CDC Childhood Injury Report

    Childhood injuries can be heartbreaking and more common than you may think. Unintentional injuries, like falls, burns, poisoning, drowning and road traffic are the leading cause of death for children in the U.S. Every year, more than 12,000 kids under 19 years of age die because of unintentional injuries, and another 9.2 million are treated in emergency rooms.

    The CDC Childhood Injury Report provides the most recent data, which gives an overview of the unintentional injuries listed above and many others. It’s good to have an idea where the highest risks lie so that you can coach your kids to be careful.

    Common Causes of Child Injury that You Can Pursue Damages On

    Here are just some events that cause child injury for which you may be eligible for compensation, according to Strom & Associates,Chicago-based attorneys specializing in child injury cases.

    • Swimming pool mishaps
    • Apartment accidents
    • Daycare falls and injuries
    • Car accidents
    • Bicycle wrecks
    • Dog bites
    • Negligence

    Wearing the right safety equipment can prevent some injuries and mitigate the severity of others. Perhaps the best defense is vigilance.

    Watch for Signs

    Here are some questions to help you determine if your child may have long-lasting issues due to an injury, according to Strom & Associates.

    • Has a child developed anxiety, depression, PTSD or other emotional health problems as a result of an accident?
    • Has the child suffered permanent scars or disfigurement as a result of an accident? If so, will the child require cosmetic or reconstructive surgery?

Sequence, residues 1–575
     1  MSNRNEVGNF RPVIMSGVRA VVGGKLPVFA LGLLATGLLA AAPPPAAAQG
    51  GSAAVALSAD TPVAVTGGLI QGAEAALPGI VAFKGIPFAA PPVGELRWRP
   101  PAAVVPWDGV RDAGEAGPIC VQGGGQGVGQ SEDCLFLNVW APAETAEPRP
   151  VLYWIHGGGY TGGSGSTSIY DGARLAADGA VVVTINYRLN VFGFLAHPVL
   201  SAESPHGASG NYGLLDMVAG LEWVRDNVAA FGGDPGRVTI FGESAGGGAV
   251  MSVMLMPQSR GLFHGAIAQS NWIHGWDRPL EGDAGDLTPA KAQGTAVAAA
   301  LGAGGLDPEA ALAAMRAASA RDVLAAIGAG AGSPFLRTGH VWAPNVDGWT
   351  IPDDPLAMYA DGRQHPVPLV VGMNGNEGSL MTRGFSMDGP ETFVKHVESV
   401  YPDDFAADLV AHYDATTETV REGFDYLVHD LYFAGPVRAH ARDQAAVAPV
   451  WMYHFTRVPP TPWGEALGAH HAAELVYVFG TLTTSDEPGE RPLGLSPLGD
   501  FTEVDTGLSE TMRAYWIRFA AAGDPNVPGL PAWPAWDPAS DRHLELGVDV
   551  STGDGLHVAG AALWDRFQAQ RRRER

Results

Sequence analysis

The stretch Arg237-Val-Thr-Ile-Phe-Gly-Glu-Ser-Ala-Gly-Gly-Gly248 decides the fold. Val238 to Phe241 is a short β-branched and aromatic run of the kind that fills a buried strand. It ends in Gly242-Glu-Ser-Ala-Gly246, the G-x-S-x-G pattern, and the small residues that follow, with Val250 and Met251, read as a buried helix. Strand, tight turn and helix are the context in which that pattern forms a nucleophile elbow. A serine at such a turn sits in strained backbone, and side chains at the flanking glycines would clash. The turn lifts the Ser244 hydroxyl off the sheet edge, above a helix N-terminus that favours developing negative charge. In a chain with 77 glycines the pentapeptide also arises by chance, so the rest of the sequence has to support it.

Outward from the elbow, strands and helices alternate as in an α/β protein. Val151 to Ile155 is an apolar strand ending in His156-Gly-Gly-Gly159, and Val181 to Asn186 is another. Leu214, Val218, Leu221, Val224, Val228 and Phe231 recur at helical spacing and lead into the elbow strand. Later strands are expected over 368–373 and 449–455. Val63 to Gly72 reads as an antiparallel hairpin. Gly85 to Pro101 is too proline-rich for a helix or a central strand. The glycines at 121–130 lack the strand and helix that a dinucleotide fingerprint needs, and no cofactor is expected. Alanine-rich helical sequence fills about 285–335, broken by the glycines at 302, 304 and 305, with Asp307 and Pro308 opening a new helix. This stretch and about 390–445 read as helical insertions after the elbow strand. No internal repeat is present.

• How has a child’s life been affected by his or her injuries? Has the child’s education been adversely impacted? Has the child suffered through a number of complex and frightening surgeries? Has the child’s ability to enjoy a sport or activity been impaired?

    Nonfatal Injuries

    About 9.2 million kids visit the emergency department each year, with boys more likely to sustain injuries than girls. Falls were the major cause of nonfatal injury. According to the CDC report, nearly 3 million kids went to the ER for fall-related injuries. Of these, more than half were under 1 year of age. The likeliest causes by age, excluding falls, were:

    • Kids age 0 to 9, being struck by or against an object or animal and insect bites and stings
    • Kids age 10 to 14, being struck by or against an object or overexerting themselves
    • Kids 15 to 19, being struck by or against an object, falls, and auto accident

    Make sure that your kids are aware of the risks that have impacted other children and ask them to stay alert and make good decisions. No matter what you do to protect your children, an injury is always a possibility, and it’s not your fault. However, if your child is harmed through the negligence of another party, you may be eligible for compensation.